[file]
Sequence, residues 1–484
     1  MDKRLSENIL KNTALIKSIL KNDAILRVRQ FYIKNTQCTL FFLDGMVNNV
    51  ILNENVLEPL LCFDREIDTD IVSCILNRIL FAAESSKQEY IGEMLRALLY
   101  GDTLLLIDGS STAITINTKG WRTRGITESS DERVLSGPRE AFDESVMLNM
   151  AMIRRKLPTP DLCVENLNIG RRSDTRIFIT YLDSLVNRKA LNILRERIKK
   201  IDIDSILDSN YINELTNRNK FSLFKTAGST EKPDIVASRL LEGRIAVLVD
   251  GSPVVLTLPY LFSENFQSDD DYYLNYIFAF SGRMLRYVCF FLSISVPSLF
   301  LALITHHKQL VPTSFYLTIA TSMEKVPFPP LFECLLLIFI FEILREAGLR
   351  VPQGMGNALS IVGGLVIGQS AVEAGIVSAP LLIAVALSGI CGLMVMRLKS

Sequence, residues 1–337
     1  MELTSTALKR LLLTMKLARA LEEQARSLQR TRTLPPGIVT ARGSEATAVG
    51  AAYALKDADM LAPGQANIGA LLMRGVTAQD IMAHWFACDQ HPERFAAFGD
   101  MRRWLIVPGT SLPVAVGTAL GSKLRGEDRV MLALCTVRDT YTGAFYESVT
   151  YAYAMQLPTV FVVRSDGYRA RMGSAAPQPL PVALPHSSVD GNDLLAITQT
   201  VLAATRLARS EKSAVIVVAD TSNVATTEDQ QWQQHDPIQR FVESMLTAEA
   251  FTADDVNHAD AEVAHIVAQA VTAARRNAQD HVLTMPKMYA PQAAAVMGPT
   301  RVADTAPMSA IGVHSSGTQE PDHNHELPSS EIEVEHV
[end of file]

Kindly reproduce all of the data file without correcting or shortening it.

Sequence, residues 1–484
     1  MDKRLSENIL KNTALIKSIL KNDAILRVRQ FYIKNTQCTL FFLDGMVNNV
    51  ILNENVLEPL LCFDREIDTD IVSCILNRIL FAAESSKQEY IGEMLRALLY
   101  GDTLLLIDGS STAITINTKG WRTRGITESS DERVLSGPRE AFDESVMLNM
   151  AMIRRKLPTP DLCVENLNIG RRSDTRIFIT YLDSLVNRKA LNILRERIKK
   201  IDIDSILDSN YINELTNRNK FSLFKTAGST EKPDIVASRL LEGRIAVLVD
   251  GSPVVLTLPY LFSENFQSDD DYYLNYIFAF SGRMLRYVCF FLSISVPSLF
   301  LALITHHKQL VPTSFYLTIA TSMEKVPFPP LFECLLLIFI FEILREAGLR
   351  VPQGMGNALS IVGGLVIGQS AVEAGIVSAP LLIAVALSGI CGLMVMRLKS

Sequence, residues 1–337
     1  MELTSTALKR LLLTMKLARA LEEQARSLQR TRTLPPGIVT ARGSEATAVG
    51  AAYALKDADM LAPGQANIGA LLMRGVTAQD IMAHWFACDQ HPERFAAFGD
   101  MRRWLIVPGT SLPVAVGTAL GSKLRGEDRV MLALCTVRDT YTGAFYESVT
   151  YAYAMQLPTV FVVRSDGYRA RMGSAAPQPL PVALPHSSVD GNDLLAITQT
   201  VLAATRLARS EKSAVIVVAD TSNVATTEDQ QWQQHDPIQR FVESMLTAEA
   251  FTADDVNHAD AEVAHIVAQA VTAARRNAQD HVLTMPKMYA PQAAAVMGPT
   301  RVADTAPMSA IGVHSSGTQE PDHNHELPSS EIEVEHV